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If anyone was aware of the man who had watched the moving trucks that first day Carol Bryan had come to Dallas and now was watching the very attractive blonde jogging along the golf course, the person's eyes would pass from his familiar figure to the woman he was watching. North Dallas, Texas, where the golf course was located, was famous for four types of residents. There were those who had made their living in the oil business. There were those who had become successful in banking. There were the individuals at the top of the insurance field. And there were women like the blond whose eyes shone with intelligence, whose steps were vibrant and purposeful, whose figures were trim and whose joyful auras came from being some of God's blessed. After all, why else would they have been able to live in the most prestigious section of one of the most exciting cities in the nation? And if the man was not watching this woman, not desiring to meet her, to know her better, to become as intimate with aspects of her life as her closest friends were, then there must be something seriously wrong with him.
The condominium complex in which Carol lived was a familiar one. The people who lived there—both owners and renters—were upscale, intelligent, usually college educated and drove expensive cars. They had the discretionary income that advertisers coveted, frequented quality restaurants and purchased high end, off-the-rack and tailor-made clothing. Many had accumulated valuable collections—coins, stamps, jewelry and the like. They were not the super-rich with theirmulti-million dollar homes, but when they did buy a house, it was not unusual for them to go to one of the nearby neighborhood and pay $500,000 or more for a suitable place to live.
Despite the costly rent, the complex into which Carol Bryan had just moved was somewhat of a transient community. The owner/residents reflected the greatest stability, rarely moving even though they often could afford larger, more expensive locations. Renters, by contrast, came and went based on their jobs, their degree of wanderlust and the vagaries of Dallas society. Married couples had children and some eventually felt the need for a larger home. Some arrived as entrepreneurs, working high-paying jobs while setting aside as much money as possible without sacrificing personal comfort. Then, when their bank accounts allowed, they quit their jobs and moved into whatever space was needed to both live and maintain a small office. Single tenants, who loved the location and the size of the units and planned to stay in the complex until they died, suddenly discovered Mr. or Ms. "Right" and moved into that person's home. Married couples blissfully planning "forever" found that one or both partners had been committing adultery and suddenly neither wished to continue living in the area.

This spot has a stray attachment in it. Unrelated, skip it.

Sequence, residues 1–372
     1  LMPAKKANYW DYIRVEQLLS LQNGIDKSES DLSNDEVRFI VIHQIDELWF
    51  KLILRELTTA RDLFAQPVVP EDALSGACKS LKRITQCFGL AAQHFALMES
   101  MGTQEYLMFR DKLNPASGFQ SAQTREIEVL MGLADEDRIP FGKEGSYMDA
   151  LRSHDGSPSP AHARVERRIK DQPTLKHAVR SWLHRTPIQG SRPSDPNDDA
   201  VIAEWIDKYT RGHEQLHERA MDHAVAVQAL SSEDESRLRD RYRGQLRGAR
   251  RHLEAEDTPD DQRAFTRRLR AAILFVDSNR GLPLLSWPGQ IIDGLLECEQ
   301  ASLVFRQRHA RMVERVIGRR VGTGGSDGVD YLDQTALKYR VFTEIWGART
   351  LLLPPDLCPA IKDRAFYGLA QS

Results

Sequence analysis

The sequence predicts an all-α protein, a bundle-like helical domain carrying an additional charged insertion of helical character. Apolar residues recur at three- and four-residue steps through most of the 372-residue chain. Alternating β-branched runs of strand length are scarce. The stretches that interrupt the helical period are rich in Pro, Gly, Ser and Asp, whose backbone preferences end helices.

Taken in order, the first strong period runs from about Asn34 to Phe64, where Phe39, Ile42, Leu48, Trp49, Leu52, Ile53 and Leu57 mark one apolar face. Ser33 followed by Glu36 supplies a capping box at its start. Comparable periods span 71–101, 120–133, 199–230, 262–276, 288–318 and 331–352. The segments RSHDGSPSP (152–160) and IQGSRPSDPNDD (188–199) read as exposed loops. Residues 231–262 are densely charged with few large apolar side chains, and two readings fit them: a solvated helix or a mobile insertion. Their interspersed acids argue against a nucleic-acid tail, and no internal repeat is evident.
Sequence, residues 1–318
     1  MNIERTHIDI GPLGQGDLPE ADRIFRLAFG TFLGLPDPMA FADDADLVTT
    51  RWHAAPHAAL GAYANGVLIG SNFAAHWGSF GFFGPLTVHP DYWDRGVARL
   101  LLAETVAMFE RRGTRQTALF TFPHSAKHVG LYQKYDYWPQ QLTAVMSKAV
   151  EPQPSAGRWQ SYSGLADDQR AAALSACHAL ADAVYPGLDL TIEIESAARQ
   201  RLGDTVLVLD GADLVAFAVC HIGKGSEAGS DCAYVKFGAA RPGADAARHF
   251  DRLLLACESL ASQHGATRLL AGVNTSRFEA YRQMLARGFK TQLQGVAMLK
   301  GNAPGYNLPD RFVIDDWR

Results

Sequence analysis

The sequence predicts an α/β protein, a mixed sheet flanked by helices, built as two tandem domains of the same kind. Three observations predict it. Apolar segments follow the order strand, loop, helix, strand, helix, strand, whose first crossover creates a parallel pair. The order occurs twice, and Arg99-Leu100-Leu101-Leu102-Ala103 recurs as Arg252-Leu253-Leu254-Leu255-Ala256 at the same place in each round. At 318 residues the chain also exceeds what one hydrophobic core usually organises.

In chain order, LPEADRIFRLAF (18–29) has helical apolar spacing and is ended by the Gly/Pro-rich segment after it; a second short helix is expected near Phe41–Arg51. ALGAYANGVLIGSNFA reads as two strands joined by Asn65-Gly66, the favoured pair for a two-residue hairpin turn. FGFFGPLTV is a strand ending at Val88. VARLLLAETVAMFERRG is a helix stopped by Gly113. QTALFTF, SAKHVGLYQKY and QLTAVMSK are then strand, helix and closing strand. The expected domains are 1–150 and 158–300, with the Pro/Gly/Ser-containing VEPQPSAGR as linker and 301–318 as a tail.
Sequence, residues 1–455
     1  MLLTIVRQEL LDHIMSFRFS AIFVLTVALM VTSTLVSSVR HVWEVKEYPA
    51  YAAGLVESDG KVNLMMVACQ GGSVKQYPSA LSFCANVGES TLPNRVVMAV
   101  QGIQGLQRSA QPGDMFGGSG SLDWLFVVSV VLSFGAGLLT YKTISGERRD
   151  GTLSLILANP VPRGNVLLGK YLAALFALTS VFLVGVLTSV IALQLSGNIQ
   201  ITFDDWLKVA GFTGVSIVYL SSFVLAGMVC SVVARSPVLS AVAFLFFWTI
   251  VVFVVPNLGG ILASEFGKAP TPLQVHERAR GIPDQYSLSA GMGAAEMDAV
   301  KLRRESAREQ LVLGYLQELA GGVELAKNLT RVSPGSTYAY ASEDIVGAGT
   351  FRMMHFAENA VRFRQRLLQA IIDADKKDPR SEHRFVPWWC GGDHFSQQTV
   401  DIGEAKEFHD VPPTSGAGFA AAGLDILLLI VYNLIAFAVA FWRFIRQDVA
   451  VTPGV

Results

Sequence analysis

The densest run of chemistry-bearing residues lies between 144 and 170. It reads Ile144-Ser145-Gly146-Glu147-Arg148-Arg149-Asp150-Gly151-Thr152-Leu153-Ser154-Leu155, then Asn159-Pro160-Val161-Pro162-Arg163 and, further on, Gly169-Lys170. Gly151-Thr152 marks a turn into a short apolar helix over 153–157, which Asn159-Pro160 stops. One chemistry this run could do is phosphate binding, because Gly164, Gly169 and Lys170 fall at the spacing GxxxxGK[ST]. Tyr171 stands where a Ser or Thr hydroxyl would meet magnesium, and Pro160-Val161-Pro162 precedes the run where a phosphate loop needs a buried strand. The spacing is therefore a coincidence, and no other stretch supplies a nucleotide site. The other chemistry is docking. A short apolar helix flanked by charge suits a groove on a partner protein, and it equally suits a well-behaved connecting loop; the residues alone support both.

The result was enough turnover in owners and tenants that no one questioned the presence of a stranger if he or she was well dressed, drove a top-of-the-line car and seemed comfortable walking about the complex.
Not that the man who observed Carol on the golf course was a stranger. He had spent extensive time in and around the community. He had friends and acquaintances in the area. When he was on the complex grounds, regardless of the hour, anyone spotting him just assumed he was there for a party, a date or to enjoy an evening with friends. All such assumptions had been true at one time or another, but the man had another preoccupation with the neighborhood. It was a periodic source of income and an outlet for a violent, occasionally overwhelming anger he acted out in the bedrooms of his unsuspecting victims.
The condominium complex was designed in a way that provided a false sense of security for the residents. There were light poles stationed around the grounds, but the light bulbs were positioned so they would never shine into tenants' windows and disturb the rest of some of the more important movers and shakers in Dallas. This left large, shadowy areas outside bedrooms and by patios. Most people walked on the paths where the light countered the darkness of the night. Few thought about the fact that all a "bad guy" had to do was step away from the paths to become almost invisible.